The Korea Times 칼럼

Calling Jesus in Buddha's garden (2010년 11월 6일)

divicom 2010. 11. 6. 13:43

If I were a bird, I would fly to Beopju-sa Temple at dawn at least three times a week. I would sit on the branch of one of the two bo trees in front of the main hall and watch a monk in a gray habit leave orderly stripes on the earth by sweeping the grounds with a long bamboo broom.

Since I don’t have wings, I can’t fly to Beopju-sa. To go there and take some time off and then come back by car, I need at least two days as the 1457-year-old Buddhist temple is nestled in the fragrant colony of trees at the mouth of Mt. Songni in North Chungcheong Province. Thank goodness I have another place to forgo my body and that is Baekryun-sa or the ``temple of 100 lotuses” in my neighborhood.

Founded in 747 during the Silla Kingdom period like Beopju-sa,, Baekryeon-sa was burnt down during Japan’s invasion of Korea in 1592 and was rebuilt in 1662. It has been expanded several times since, yet it still is a modest collection of traditional Korean houses. I like to go there on rainy days. For some inexplicable reason, I am overpowered with a sense of peaceful fulfillment as I sit inside or outside the buildings and watch the drizzle soak into the grass or wash the dust away from the dark roofs. At such moments, everything becomes so clear.

The best thing about temples is they are open to anyone regardless of religious or any other affiliation. You may see a few monks but they don’t bother to ask if you are a Buddhist. It is nice to be in a place of silent acceptance in this era of noisy intolerance.

There were times when I could go through the open doors of Christian churches as freely as I strolled on the Buddhist grounds. There are more churches than ever before, yet access to them is extremely limited unless you are a regular member or yearning to be one. Recently, one of my Christian friends lamented that Jesus, if resurrected here today, wouldn’t be able to go into the houses of worship for him, because all of them are locked.

In Korea, ``Christianity” means Protestantism. ``Catholicism” is viewed as separate from ``Christianity.” Protestants and Catholics often come out at odds against each other over socio-political-religious issues. Catholicism was introduced into Korea in the latter half of the 18th century and Protestantism followed about a century later. Until recently, the nation saw a peaceful coexistence of religions even though Protestants increased markedly. For all its diverse credos, Korea never worried about the possibility of religious conflict.

Since his inauguration in 2008 of the incumbent president whose being a Christian presbyter was widely advertised before and after his election, the time-honored equilibrium began to be disturbed as his fellow believers stopped respecting other religions. In the worst case of misconduct, some Christians trespassed on the grounds of Bongeun-sa in Samseong-dong, southern Seoul, and a few other famous temples across the country. They even sang their hymns and held rituals there.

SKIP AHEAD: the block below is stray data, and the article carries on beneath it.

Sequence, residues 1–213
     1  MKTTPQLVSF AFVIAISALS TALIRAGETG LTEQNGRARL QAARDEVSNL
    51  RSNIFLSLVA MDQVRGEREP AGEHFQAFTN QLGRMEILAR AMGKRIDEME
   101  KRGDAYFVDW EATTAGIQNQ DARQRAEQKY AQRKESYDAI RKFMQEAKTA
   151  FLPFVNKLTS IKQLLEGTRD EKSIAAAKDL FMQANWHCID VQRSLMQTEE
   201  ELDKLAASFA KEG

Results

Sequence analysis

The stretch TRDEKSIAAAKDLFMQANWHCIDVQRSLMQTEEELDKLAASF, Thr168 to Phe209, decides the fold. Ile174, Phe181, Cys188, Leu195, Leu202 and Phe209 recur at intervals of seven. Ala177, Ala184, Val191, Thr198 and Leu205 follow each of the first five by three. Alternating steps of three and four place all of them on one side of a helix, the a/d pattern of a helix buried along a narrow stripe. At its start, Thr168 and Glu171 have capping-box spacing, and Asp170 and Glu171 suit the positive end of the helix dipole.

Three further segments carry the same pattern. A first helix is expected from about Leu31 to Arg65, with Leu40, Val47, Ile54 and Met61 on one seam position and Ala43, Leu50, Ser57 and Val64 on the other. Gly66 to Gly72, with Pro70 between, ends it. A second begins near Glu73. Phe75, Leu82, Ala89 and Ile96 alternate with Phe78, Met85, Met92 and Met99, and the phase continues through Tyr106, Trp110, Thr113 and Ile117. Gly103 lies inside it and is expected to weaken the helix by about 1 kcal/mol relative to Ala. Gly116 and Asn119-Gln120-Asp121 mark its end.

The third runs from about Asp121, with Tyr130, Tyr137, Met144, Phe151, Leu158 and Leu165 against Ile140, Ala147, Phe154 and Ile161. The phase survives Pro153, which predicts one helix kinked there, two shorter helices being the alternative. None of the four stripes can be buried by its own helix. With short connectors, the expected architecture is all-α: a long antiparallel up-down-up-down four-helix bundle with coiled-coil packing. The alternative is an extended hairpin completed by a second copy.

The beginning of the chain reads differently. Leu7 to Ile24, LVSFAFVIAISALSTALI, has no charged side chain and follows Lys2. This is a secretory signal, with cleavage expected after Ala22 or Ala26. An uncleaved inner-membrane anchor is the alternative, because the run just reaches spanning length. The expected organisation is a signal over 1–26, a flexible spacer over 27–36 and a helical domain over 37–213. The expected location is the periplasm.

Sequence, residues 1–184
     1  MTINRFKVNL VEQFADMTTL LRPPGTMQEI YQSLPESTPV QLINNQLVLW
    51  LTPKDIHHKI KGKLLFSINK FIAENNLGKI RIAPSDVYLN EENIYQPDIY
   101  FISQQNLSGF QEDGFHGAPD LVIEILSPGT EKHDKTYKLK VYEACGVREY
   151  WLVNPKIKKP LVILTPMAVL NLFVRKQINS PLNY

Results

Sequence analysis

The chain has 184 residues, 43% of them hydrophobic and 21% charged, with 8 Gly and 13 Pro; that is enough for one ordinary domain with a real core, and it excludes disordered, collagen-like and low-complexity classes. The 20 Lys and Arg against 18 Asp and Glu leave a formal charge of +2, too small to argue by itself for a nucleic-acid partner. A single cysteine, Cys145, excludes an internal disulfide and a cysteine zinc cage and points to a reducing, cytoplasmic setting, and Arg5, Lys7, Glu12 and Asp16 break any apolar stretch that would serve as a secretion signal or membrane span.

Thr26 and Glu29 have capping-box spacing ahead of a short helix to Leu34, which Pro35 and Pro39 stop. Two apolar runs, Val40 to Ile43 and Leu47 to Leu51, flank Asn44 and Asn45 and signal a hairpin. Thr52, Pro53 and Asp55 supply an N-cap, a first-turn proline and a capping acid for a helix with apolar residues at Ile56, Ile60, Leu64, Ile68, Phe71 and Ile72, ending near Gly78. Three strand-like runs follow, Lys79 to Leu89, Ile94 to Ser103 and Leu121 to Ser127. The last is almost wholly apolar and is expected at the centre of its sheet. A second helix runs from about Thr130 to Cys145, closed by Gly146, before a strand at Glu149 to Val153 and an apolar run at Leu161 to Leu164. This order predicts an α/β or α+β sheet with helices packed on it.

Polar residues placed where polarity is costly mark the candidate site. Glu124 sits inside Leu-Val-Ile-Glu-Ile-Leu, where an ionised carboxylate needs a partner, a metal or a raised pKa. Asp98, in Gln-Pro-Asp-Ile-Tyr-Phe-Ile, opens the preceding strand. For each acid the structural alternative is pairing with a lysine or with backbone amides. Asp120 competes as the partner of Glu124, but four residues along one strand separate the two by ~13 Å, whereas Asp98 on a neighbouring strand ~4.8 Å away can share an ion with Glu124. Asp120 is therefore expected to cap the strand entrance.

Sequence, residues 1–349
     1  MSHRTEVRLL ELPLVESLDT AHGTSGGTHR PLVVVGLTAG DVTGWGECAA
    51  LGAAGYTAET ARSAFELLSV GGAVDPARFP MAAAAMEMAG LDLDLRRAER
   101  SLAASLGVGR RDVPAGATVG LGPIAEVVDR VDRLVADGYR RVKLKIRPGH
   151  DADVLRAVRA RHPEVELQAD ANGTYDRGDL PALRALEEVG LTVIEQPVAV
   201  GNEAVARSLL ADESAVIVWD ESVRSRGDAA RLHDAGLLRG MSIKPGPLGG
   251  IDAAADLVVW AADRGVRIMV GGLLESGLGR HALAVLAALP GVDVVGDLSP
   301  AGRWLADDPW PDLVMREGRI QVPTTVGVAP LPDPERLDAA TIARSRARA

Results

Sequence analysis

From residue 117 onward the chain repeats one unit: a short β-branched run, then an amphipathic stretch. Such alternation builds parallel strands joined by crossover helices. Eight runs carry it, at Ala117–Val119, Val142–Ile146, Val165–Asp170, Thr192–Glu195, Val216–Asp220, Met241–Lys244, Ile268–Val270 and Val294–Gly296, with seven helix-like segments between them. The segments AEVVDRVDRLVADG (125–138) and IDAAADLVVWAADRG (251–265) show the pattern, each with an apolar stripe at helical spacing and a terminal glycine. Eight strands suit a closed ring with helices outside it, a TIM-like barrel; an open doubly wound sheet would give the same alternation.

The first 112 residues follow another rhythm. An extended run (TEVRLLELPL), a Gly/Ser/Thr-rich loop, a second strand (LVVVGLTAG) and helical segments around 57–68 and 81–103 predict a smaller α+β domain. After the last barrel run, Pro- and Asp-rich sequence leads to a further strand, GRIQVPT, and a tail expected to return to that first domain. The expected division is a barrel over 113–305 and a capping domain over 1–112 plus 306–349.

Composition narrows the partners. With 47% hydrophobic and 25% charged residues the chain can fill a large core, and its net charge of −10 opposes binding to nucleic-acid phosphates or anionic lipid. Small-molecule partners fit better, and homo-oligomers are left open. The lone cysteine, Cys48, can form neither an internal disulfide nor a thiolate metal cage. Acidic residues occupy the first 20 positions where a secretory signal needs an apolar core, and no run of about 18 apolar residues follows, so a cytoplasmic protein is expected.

Bongeun-sa has emerged as the most conspicuous target of physical and verbal harassment by Christians and sympathizers as it is located across from COEX, the venue of the G20 Seoul Summit. on Oct. 29, Lee Sang-hoon, a former defense minister who was indicted for corruption in 1993, argued in a public rally of government supporters that Bongeun-sa is the headquarters of 81 left-leaning organizations.

Despite all the malicious effort to defame the 1,216-year-old temple, I believe it will serve as the best getaway for the summit participants to cool off the heat of diplomatic wrangling. I recommend taking a walk around the grounds in the early morning hours.

On Monday, hundreds of Christians gathered in central Seoul to promote the launching of a Christian bank and pray for the success of the G20 meeting. Organizers reportedly said that the real estate value of Protestant churches amounted to 80 trillion won and the yearly contribution of believers topped 4.8 trillion won. They said they would take over an existing bank or establish one with a capital of 1.5 trillion won.

Pastor Ohm Shin-hyung told the congregation that God gave an ``economy President, presbyter President” to Korea, because he had ``special” love for the nation. ``God decided to make this nation into a great economic power and thus made it chair G20 summit. Now, he will do his work of giving to each one of you through the banking world.”

In a country where large religious institutions have become large corporations that don’t pay taxes, it may be only natural that they have come up with an idea of setting up a bank to utilize the huge sums they have amassed. I don’t care if the banking business will please God or not. All I care about is if Buddhists and other religious people will be infected by the Christian rudeness and business mind and begin to lock their doors. If so, where should I go on rainy drizzly days?


개신교 유명인사들이 지난 월요일 '역사적인' 은행 설립을 추진하기 위해 모였다고 합니다. 한국 교회의 부동산 가치만 해도 80조원, 연간 헌금 총액만도 4조8천억원이라, 기존 은행을 인수하거나 새 은행을 설립하여 자본금 1조5천억원 규모의 제1금융권 기독교은행을 설립할 거라고 합니다.


한국기독교총연합회 명예회장 엄신형 목사는 이 자리에서 "하나님께서 우리 대한민국을 특별히 사랑해 경제대통령, 장로대통령을 세우셨다... 하나님께서 이 나라를 경제대국으로 만드시고자 작정하고 G20 정상회의 의장국을 맡게 하셨고, 이제 금융계를 통해 여러분께 하나하나 넘겨주시는 역사를 일으키실 것"이라고 말했다고 합니다.


돈이 많으면 무례해지는 걸까요? 최근 기독교도들이 서울의 봉은사를 비롯해 몇몇 절에 들어가 찬송을 부르고 소위 '땅 밟기'를 하는 일이 있었습니다. 이러다가 절들마저 교회처럼 문을 닫아 거는 것은 아닐까, 혹시라도 미워하며 배우지나 않을까 마음이 쓰입니다. 종교의 지향이 돈이 아니고 사랑이라고 생각하는 사람은 아주 뒤떨어진 사람일까요?


참, 위 글에 '백련사'의 '백련'이 '백 송이 연꽃 (100 lotuses)'을 뜻한다고 쓴 것은 잘못입니다. '흰 연꽃'인데, 제가 '백(白)'자를 잘못 보아 이런 실수를 저질렀습니다. 죄송합니다.